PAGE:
"DiasporaCon" Puts Black Comics, Creators Center Stage

Shawn Murray | April 28th, 2022

Arts & Culture  |  Visual Arts  |  Quinnipiac University  |  Arts & Anti-racism  |  Elm City LIT Fest  |  Comics


Shawn Murray Photos.“Part of what  ‘Lit’ means in LITfest is ‘literacy’ and if comic books are how people read, that enhances everyone’s literacy. And that’s our goal. Especially for people of color," said Gardin, pictured at center. 

Bookworm IfeMichelle Gardin hasn’t always read comics.

It’s safe to assume, for example, she hasn’t picked up Alan Moore’s seminal run on Swamp Thing, or Brian Michael Bendis’ game changing Ultimate Spider-man series. Normally, she doesn’t spend time thinking about them. But after hearing a panel on Black voices in comic books at a literary festival she’d organized two years ago, her interest was sufficiently piqued.

Last Saturday, that interest birthed DiasporaCon, New Haven’s first-ever Black comic book festival and conference at Quinnipiac University. Over six hours, panelists, artists, writers and comic book geeks gathered to celebrate Black comic books—and a bevy of heroes that look like them, and like New Haven. Dozens attended, and all went home with at least one complimentary comic book.

The first murmurs of DiasporaCon emerged in late 2020, when Gardin held the first annual Elm City LIT Fest online during the first year of the Covid-19 pandemic. During a panel on Black voices in comic books, panelist and longtime friend Bill Foster discussed comic book festivals that celebrated and included Black people. A retired professor from Naugatuck Valley Community College, Foster encouraged Gardin to expand on the idea.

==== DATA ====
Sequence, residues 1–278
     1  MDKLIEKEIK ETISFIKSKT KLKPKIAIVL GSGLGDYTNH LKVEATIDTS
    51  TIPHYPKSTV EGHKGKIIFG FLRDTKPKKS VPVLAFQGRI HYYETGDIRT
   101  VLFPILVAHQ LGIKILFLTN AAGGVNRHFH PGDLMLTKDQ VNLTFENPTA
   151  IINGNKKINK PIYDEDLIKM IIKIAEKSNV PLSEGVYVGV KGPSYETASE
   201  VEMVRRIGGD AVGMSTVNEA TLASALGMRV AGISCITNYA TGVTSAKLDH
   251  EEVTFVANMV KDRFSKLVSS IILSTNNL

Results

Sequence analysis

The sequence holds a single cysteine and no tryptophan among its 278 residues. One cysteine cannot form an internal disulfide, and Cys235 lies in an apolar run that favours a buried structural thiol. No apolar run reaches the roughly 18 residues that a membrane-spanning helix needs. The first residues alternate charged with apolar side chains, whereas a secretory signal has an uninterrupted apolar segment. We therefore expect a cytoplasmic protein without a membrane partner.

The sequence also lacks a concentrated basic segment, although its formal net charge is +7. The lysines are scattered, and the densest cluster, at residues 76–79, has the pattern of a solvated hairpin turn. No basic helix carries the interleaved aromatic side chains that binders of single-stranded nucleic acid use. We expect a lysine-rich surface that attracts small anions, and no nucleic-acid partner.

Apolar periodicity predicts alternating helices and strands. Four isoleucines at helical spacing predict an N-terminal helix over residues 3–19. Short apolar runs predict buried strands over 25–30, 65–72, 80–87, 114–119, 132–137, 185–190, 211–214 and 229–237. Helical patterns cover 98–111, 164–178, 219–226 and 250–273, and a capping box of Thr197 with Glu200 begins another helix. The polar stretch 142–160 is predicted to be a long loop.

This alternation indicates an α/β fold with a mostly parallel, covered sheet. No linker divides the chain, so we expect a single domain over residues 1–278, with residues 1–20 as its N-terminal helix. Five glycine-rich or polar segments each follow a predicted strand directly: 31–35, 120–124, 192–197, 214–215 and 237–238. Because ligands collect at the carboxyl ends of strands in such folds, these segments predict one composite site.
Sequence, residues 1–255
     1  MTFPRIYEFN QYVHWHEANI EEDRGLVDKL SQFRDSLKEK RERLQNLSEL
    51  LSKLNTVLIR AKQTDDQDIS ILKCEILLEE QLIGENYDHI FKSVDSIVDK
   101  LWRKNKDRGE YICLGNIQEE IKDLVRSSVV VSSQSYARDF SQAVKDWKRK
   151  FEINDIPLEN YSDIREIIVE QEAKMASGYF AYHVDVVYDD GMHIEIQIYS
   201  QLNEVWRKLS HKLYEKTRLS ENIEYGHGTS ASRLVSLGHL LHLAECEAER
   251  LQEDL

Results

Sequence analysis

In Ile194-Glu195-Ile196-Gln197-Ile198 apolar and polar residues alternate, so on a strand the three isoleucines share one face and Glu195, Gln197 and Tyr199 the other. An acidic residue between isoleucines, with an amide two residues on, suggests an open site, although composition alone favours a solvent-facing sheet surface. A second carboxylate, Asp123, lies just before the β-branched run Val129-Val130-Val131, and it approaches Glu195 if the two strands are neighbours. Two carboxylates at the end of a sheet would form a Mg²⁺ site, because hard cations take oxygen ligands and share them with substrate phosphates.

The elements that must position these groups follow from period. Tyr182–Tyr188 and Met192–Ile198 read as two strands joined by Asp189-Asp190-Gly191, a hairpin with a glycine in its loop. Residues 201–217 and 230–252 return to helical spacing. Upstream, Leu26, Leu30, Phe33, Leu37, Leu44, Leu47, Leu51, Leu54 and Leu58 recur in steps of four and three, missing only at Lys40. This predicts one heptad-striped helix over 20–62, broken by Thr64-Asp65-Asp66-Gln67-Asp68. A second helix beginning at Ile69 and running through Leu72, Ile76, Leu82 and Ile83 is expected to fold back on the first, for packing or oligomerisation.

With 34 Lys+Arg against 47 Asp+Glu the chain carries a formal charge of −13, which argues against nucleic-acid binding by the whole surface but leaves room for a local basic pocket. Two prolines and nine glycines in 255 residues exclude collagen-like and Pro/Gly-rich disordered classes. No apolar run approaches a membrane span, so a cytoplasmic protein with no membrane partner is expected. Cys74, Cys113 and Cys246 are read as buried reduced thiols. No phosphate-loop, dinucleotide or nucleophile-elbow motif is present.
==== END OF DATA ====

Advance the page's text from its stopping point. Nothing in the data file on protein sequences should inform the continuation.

“So I said ‘Well, let’s do one here,’ and here we are,” she said. 


Though Gardin hadn’t spent much time with comics personally, she found that she had a  newfound appreciation for them. Foster, along with New Haven's One City One Read program, both allowed her to see them as a gateway to literacy for many young readers. Foster “started sending me a bunch of comics,” she said. She read the graphic novel version of Octavia Butler’s Parable of the Sower, this year’s One City One Read selection, alongside the novel.

“And I got enthused about them,” she said. “Part of what ‘Lit’ means in LITfest is ‘literacy’ and if comic books are how people read, that enhances everyone’s literacy. And that’s our goal. Especially for people of color. ”

Readers and artists alike looked to comic books as an entry point into reading Saturday. Reggie Augustine, a New Haven based comic creator and a teacher at James Hillhouse High School, traced his love for and obsession with comics to the fourth grade. Now he’s a published comic book writer and illustrator, who uses comics in his lessons and runs a comic book club after school.

“I always felt it doesn’t matter what you read as long as you read,” he said. 


Augustine told a story of attempting to submit a comic as his Master’s thesis. At first, “[My professor] told me, ‘We don’t do comics, we do serious writing.’” So he removed the superhero elements, adjusted some story elements, excised the art, and resubmitted it to rave reviews. He later revealed it was the same story.